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Ann Orr Named PBGC’s Acting Director

For Immediate Release

WASHINGTON, D.C.Ann Y. Orr has been designated by President Biden to serve as the acting director of the Pension Benefit Guaranty Corporation (PBGC). Gordon Hartogensis, the former director of PBGC, concluded his five-year term appointment on April 30, 2024.

Since June 2021, Orr has served as the chief policy officer overseeing the coordination of policy development, research, and legislative affairs, as well as agency communications and interactions with PBGC stakeholders. Orr was the acting director of the Center for Presidential Transition at the Partnership for Public Service from 2019 to 2021.

Orr served as chief of staff at PBGC from 2011-2019, where she helped manage top agency priorities and provided strategic advice to the director and agency officials. She also served as liaison to the Board of Directors, White House officials, and Congress.

Previously in her career, Orr worked at the National Endowment for the Humanities, where she served as chief of staff. Additionally, she spent 10 years on Capitol Hill as a professional staff member on the Senate Health, Education, Labor, and Pensions Committee.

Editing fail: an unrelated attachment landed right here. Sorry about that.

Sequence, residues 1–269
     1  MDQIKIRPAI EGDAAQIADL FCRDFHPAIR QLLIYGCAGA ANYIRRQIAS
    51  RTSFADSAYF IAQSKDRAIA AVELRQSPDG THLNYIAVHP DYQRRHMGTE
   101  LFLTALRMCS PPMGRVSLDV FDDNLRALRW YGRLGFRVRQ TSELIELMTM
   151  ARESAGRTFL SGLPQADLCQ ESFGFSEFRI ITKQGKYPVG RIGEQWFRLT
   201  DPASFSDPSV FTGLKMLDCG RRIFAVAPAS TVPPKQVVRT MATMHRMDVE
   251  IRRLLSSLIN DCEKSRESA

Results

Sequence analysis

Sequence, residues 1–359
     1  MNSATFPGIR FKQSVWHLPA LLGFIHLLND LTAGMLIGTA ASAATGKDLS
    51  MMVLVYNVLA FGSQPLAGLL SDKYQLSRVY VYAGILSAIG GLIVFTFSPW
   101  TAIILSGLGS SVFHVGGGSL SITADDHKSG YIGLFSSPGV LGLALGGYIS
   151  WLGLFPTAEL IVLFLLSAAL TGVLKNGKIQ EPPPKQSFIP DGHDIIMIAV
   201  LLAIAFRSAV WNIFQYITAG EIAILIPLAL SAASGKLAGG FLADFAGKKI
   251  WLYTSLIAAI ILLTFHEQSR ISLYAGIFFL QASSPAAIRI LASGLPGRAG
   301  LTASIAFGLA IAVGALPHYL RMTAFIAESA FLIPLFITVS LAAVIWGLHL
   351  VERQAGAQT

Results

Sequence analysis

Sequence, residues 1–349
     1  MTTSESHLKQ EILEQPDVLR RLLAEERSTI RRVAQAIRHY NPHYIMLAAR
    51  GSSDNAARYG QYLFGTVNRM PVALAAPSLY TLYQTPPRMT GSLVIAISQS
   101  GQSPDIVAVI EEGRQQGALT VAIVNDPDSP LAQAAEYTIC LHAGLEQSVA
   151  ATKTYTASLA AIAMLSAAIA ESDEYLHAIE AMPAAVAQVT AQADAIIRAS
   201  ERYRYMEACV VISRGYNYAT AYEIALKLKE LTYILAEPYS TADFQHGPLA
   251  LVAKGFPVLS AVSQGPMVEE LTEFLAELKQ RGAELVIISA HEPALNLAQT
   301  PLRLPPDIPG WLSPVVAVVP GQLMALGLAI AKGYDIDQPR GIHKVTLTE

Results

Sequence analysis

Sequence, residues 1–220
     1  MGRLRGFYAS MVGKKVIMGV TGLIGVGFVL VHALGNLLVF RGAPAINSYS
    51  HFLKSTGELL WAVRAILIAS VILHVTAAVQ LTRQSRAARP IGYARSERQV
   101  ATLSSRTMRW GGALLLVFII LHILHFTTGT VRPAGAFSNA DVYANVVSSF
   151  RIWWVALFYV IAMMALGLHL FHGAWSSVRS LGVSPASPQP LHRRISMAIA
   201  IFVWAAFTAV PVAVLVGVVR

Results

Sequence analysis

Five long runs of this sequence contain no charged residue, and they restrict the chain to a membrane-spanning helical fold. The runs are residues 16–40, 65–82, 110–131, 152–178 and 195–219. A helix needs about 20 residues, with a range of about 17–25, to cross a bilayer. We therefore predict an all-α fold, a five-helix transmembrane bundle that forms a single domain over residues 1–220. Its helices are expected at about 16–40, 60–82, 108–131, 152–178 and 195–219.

Outside of her work in government, Orr was the executive director of two private-sector foundations: the National Association of Broadcasters Education Foundation and The National Trust for the Humanities. She holds a bachelor’s degree from Yale University.

PBGC’s deputy chief policy officer, Michael Rae, will be performing the duties of chief policy officer.

About PBGC

PBGC protects the retirement security of over 31 million American workers, retirees, and beneficiaries in both single-employer and multiemployer private sector pension plans. The agency’s two insurance programs are legally separate and operationally and financially independent. PBGC is directly responsible for the benefits of nearly 1.4 million participants and beneficiaries in failed single-employer pension plans. The Single-Employer Program is financed by insurance premiums, investment income, and assets and recoveries from failed single-employer plans. The Multiemployer Program is financed by insurance premiums and investment income. Special financial assistance for financially troubled multiemployer plans is financed by general taxpayer monies.

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